Alan Moore vs. Frank Miller

Comic book authors Alan Moore and Frank Miller are mentioned so often in a single breath, one may be tempted to forget how far away they are from each other aesthetically, politically, and intellectually. Both are frequently credited jointly for their ‘deconstruction’ of the superhero genre, with fans and critics citing Moore’s Watchmen and Miller’s Batman: The Dark Knight Returns as key works that established the viability of the adult-themed graphic novel and the politicized superhero figure. But while Moore’s work from that era continues to bear up under repeat visits, Miller’s visceral and formally brilliant Dark Knight Returns tends to show its reactionary right-wing politics more clearly as time goes by, its infatuation with semi-fascist mythologies of violence growing even more pronounced in Miller’s later work.

At this point, both authors seem increasingly removed from contemporary politics and comics, Moore’s latest project Neonomicon having been received with bewildered indifference, and Miller’s atrocious Holy Terror being discussed only in terms of its beyond-offensive islamophobia. But while Moore’s anti-corporate politics seem to gain relevance as well as credence over the years, Miller’s raging homophobia, misogyny and general insanity cast an increasingly negative light over his back catalogue. In what seems like a somewhat delusional attempt to either get some public attention or vent some built-up rage over the universal panning of his latest book, Miller recently wrote a short piece decrying the Occupy movement. Coolly demonstrating his total awesomeness, Moore responded to Miller’s piece in this recent interview:

I think that the Occupy movement is, in one sense, the public saying that they should be the ones to decide who’s too big to fail. It’s a completely justified howl of moral outrage and it seems to be handled in a very intelligent, non-violent way, which is probably another reason whyFrank Miller would be less than pleased with it. I’m sure if it had been a bunch of young, sociopathic vigilantes with Batman make-up on their faces, he’d be more in favour of it. We would definitely have to agree to differ on that one.

In this short interview segment from a few years back, Moore (predictably) shows us how far ahead of the curve he usually is, although he talks about the “0.000001%” rather than the single percentile that has now become the standard term to indicate the ruling capitalist elite.

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2 Responses to Alan Moore vs. Frank Miller

  1. And yet, Year One has that famous panel of Batman warning what we might take as the 1% with the line “Gentlemen you’ve eaten well…”. I agree that strains of Miller’s politics can be detected in TDKRs, but we also see a poor mother on a train who can hardly scrape together enough money to buy her son a paint set, and who can’t afford health insurance for her varicose veins, ending up getting blown up by the mutant gang. I accept that these examples hardly represent a undetected liberal strain in Miller’s work, but they do suggest something of a social conscience that might be lacking from his later work.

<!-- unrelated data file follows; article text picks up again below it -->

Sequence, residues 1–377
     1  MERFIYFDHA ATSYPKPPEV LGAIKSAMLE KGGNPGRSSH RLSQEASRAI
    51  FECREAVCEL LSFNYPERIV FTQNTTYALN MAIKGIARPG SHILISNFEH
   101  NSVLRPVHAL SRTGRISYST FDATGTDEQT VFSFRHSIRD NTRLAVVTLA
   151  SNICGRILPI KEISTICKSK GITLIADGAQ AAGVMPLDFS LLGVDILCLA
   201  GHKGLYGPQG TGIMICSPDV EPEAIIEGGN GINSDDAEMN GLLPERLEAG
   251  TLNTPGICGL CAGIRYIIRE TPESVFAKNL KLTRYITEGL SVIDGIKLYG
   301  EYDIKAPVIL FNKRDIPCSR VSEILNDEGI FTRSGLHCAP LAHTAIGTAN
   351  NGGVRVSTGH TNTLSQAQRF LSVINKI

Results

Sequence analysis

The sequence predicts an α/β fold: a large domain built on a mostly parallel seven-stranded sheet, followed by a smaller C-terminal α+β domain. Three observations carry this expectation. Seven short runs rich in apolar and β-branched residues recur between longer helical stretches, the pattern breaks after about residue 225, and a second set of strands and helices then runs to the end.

Also, this is more of a personal opinion, but I find the first-person narration of Batman that accompanies the over-cranked and schizophrenic panel-to-panel work cleverly suggestive of someone who is batsh*t crazy. Part of me roots for the character as he takes on the Joker, or the mutant gang leader, or Superman, but I don’t admire the character, or think he’s a great advertisement for right wing libertarianism, or cod-Nietzschean fascism in the way that 300 is (especially the film adaptation). The character of Bruce Wayne/Batman in TDKRs is clearly damaged goods. (Bill Sienkiewicz did a good job of writing a more ‘moral’ Batman in his Black and White entry, ‘Bent Twigs’.)

    I don’t disagree that strains of Miller’s politics can be seen in Miller’s early work, but at the time, even Alan Moore wasn’t too offended (he wrote a rather gushing intro to TDKRs which can be found online). In addition, Moore himself has used the odd cliche that feminists have found questionable (for example, Sally Jupiter being raped but then falling in love with her rapist).

    Anyway, an interesting article, and excuse my over-long ramblings!

    • Thanks for this. I’m still an admirer of Miller’s late-1980s work, not only TDKR and Year One, but also his very stimulating Elektra: Assassin, Ronin, and -in a way- several of the Sin City volumes. My impression is that his politics were never really thought through, and offered a weird mix of anti-conservatism and a huge reactionary streak that sometimes comes dangerously close to fascism. But in spite of the obvious (indeed: fascinating) contradictions apparent in the contents of his work, there is a strong and passionate intelligence to them, especially in their exceptional aesthetic sense and formalist innovations. At some point since then, perhaps between the Sin City movie and the disastrous (but also hilarious) adaptation of The Spirit, Miller seems to have completely lost his mind, and now his interviews, his writings, and his comic books are no longer able to maintain that delicate balancing act he was able to achieve before.

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